Vagabond said...

You could always dig out the shelter for the inevitable time when all those right wingers you live around go looking for some strident liberal to lynch . . . or you might read Neal Stephenson's "The Baroque Cycle." Three books, about 1200 pages total and it is made of industrial strength AWESOME!

franta - Kris Kringle on too many red bulls

Janiece said...

Vagabond, the Incomparable Anne recommended "Anathem" to me, and it's in my queue. If I like it, I'll add "The Baroque Cycle." Thanks for the suggestion!

David said...

Well, having nearly burned down my house today, I don't recommend learning how to can food. But you could pick some exotic sort of specialty and learn to cook it.

Also, The Baroque Cycle is a lot more accessible than Anathem, since it's written in English. Both were suitably kick-ass works and I highly recommend them, but Stephenson provides you with a full glossary at the back of Anathem for a reason.

Warner (aka ntsc) said...

I was going to go with Vince's suggestion but he beat me to it.

How do you almost burn your house down canning food? I do it, can food that is, a lot and have never ever started even a small fire.

David said...

Warner -

1. Take one (1) first-time canner.
2. Add multiple crises at once.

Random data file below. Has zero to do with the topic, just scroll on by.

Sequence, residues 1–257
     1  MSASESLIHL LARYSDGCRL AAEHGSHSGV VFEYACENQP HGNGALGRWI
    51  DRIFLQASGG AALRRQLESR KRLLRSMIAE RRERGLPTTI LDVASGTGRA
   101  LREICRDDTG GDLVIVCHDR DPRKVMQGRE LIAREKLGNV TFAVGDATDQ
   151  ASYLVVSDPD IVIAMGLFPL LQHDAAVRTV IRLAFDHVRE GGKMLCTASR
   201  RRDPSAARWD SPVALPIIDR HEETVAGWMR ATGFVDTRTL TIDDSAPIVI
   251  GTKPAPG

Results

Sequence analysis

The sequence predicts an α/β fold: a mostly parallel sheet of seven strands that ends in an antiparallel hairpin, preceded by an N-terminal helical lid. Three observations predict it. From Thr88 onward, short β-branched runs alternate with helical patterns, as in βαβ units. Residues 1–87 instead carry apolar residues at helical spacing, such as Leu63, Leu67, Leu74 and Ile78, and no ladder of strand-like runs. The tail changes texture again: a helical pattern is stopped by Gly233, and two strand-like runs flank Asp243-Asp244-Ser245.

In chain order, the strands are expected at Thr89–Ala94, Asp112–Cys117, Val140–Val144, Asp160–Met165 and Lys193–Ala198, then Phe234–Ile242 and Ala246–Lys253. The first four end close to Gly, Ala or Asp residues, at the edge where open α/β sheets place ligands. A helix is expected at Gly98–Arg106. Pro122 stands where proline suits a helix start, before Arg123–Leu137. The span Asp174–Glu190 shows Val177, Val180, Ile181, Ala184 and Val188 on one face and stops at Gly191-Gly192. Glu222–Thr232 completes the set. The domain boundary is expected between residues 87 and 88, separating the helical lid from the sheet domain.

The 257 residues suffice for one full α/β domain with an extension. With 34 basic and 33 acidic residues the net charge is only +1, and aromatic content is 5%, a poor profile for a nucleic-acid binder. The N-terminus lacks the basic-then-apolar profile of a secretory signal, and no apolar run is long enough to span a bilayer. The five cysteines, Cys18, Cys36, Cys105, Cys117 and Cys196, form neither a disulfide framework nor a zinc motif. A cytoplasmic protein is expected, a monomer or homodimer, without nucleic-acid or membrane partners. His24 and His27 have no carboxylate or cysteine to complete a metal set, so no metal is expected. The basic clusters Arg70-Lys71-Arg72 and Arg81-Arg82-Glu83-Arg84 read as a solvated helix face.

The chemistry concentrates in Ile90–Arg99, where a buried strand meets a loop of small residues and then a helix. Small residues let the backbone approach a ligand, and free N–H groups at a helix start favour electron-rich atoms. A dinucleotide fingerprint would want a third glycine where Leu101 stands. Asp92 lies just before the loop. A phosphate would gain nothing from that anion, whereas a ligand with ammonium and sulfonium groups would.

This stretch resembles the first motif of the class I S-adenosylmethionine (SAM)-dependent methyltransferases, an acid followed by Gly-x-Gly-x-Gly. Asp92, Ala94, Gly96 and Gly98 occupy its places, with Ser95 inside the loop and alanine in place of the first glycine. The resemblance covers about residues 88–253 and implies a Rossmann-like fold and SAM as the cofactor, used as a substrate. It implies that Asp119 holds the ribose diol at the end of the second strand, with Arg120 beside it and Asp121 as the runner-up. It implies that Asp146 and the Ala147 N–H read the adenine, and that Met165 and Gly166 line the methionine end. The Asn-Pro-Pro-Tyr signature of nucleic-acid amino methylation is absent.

3. Mix in one (1) paper towel juuuuust a bit outside its proper area and too close to the gas range.
4. FOOOM!
5. Transfer remnants of towel to sink for water bath. Track down and stomp on flaming embers.

Serve with copious whiskey afterward.

Warner (aka ntsc) said...

Now I understand, I'll be canning again in the fall.

Hopefully at that time I'll get back to bloging about it.

Anne C. said...

David - I recommended Anathem because I found it to be a fascinating discourse on Logic (and science as a natural outgrowth) presented as a way of life so regimented as to appear to be structured like a religion (without all that "believe me because I say so" stuff). Knowing her interest in science and logic, I thought Janiece would find that interesting. While there are a few deeply esoteric sections that need the glossary to be *fully* grokked, I found most of the language to be typical (though extremely clever) fictional substitutions and the deeply esoteric sections skimmed or delved into as desired.

I haven't read The Baroque Cycle, so don't know if the subject matter is something Janiece would like, but MY interest is piqued!

Vagabond said...

Ann and Ja-Neese, a quick note on "The Baroque Cycle" as far as subject matter. Takes place during the glorious revolution, covers the transition of alchemy to modern science, the invention of the modern finance and commercial systems, the origins of cryptography and dabbles in mechanical computers, religious dissension, piracy, mental disease, politics and assassination. Oh yes, it's also so funny you'll squirt white wine out of your nose.

solks - morose and surly common people

David said...

Anne - I *loved* Anathem, for all of the reasons that you describe. But it took me about 100 pages to get to the point where I wasn't flipping back and forth to the glossary. It was worth it, but I wish someone had given me a head's up on it.

And I second everything Vagabond said about the Baroque Cycle, both here and on his blog.